A Lockheed C-130J-30 belonging to the Indian Air Force crashed Friday morning about 72 miles from Gwalior Airbase while on a routine flight, causing the death of the 5 IAF personnel on board. The Air Force it seems had no initial explanation regarding the cause crash of the aircraft whose flight to Gwalior had originated at Agra Airbase. A Court of Inquiry has been set up to help determine what may have caused the brand new ‘Super Hercules’ C-130J-30, one of six aircraft delivered brand new throughout 2011, to crash.
Following its induction into Indian Air Force service on February 5th 2011, the Lockheed Martin C-130J-30 has earned notoriety by being involved in events of national significance, cementing both an endearing and enduring presence in the nation’s service, to a point where early reports of today’s accident actually caused widespread shock and bewilderment.
The six airframes received as part of a 2008 $1.1 Billion Foreign Military Sales contract involving the US Air Force and manufacturer Lockheed Martin saw the Indian Air Force receive the 6 C-130J-30 newly registered as KC-3801, KC-3802, KC-3803, KC-3804, KC-3805, KC-3806. These 15-foot stretched variants (designated -30) of the standard late 50’s C130 vintage Hercules fuselage represent the latest iteration of the type; employing a modern glass cockpit reducing the flight crew to 2, assisted by a load master and a combat system operator. In order to meet India’s military airlift requirement, the aircraft was not only to fill a gap between the cavernous Boeing C-17 Globemaster III and Antonov An-32, but at the same time being the work horse of special operations forces. The aircraft with its natural pre-disposition for transporting 64 armed paratroopers or 92 assault troops or altogether 22 Tonnes of cargo secured additional flexibility thanks to the enhanced performance delivered by the 4 Rolls-Royce AE2100D3 turboprop engines to which are attached the 6-blades ‘scimitar’ composite propellers, characteristic of the J models. Despite the lack of sensitive on board high precision navigation/communication systems (not made available through the FMS due to India’s non-adherence to the US-sponsored Communications Interoperability and Security Memorandum of Agreement CISMOA), the 6 aircraft were rumored to have received third-party supplied Global Positioning System (and Inertial Navigation System) as well as the low level night navigation & landing suite that can better exploit the aircraft in-flight refueling capabilities in special operations missions.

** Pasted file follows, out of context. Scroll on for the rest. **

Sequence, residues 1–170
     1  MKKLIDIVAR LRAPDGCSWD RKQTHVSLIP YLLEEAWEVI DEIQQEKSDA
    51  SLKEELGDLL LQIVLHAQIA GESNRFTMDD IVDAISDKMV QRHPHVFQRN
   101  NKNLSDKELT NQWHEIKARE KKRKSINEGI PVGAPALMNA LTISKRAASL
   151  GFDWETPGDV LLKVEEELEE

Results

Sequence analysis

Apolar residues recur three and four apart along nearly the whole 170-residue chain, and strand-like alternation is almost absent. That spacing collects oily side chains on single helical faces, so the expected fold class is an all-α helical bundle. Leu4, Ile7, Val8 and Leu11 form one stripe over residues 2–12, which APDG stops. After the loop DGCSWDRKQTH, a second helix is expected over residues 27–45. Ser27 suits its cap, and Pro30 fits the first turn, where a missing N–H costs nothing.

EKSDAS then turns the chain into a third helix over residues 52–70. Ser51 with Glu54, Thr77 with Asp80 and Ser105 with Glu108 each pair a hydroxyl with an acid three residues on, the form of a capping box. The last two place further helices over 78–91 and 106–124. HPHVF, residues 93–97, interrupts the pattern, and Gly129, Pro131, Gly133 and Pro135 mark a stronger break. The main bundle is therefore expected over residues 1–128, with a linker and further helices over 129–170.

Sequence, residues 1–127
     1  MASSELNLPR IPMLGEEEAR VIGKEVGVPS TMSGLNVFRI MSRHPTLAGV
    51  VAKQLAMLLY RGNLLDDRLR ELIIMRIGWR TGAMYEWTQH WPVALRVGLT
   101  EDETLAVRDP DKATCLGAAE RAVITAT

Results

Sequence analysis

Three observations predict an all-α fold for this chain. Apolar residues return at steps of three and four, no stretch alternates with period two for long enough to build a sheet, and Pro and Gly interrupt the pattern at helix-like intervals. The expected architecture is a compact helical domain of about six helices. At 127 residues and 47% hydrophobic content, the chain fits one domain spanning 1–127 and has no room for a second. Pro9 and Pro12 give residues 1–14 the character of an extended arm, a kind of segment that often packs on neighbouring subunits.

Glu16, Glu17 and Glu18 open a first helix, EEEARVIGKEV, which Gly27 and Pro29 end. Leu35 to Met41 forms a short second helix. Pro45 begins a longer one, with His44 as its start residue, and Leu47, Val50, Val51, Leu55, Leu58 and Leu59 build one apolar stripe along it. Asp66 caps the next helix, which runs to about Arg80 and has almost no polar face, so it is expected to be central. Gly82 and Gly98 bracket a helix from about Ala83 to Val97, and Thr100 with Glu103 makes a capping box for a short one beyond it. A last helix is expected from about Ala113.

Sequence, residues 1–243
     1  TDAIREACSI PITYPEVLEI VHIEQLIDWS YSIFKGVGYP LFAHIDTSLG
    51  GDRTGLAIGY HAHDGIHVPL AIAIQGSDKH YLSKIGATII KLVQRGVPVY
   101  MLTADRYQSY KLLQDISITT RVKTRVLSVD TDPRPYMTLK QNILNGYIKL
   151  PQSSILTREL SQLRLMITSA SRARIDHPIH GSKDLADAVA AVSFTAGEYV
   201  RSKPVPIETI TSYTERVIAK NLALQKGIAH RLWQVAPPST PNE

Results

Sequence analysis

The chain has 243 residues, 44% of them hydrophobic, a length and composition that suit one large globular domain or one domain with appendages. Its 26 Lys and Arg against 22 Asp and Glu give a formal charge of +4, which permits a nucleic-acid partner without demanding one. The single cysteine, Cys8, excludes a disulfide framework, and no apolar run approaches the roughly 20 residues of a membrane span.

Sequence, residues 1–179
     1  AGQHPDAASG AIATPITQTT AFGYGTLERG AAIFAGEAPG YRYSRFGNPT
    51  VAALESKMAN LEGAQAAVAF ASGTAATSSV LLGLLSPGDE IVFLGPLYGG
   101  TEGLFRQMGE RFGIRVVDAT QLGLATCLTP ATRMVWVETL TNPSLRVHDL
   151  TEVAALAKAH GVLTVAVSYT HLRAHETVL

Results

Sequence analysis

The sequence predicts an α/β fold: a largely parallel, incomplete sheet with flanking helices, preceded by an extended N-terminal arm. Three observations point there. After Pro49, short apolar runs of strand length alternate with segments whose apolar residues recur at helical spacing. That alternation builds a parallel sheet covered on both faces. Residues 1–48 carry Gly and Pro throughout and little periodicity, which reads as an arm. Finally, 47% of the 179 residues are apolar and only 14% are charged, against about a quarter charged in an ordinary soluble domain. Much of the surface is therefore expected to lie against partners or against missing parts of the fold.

Flown by then-formed 77th ‘Veiled Vipers’ Squadron based at Hardon Airbase near New Delhi, the aircraft quickly established itself as the workhorse of rescue airlift operations particularly during the flash floods of Uttarakhand. But it took the April 2013 alleged attempt by neighboring China to lay claim on some remote mountainous located it appeared on Indian territory. At that junction, C-130J-30 made history by landing on the most elevated airstrip in the world at Daulat Beg Oldie (DBO). The capability to conduct military airlift operation at a 16614 feet (5065 meters) airfield convinced the whole world that India could in fact ferry sufficient amount of men and materiel in order to face any military contingency. This show of force greatly enhanced India military posture and national prestige, was only made possible by the C-130J-30. Some of these episodes so positively highlighted the C-130J-30 potential that, by December 2013, India had firmed up on its follow up order for six additional aircraft.
The tragic episode confronting a still nascent and highly promising program is not likely to derail India’s drive for deepening its experience operating the type. On a very short span of time, this aircraft has enriched the IAF experience by a significant margin. To date, the aircraft has sold around 300 units to 15 air arms world wide.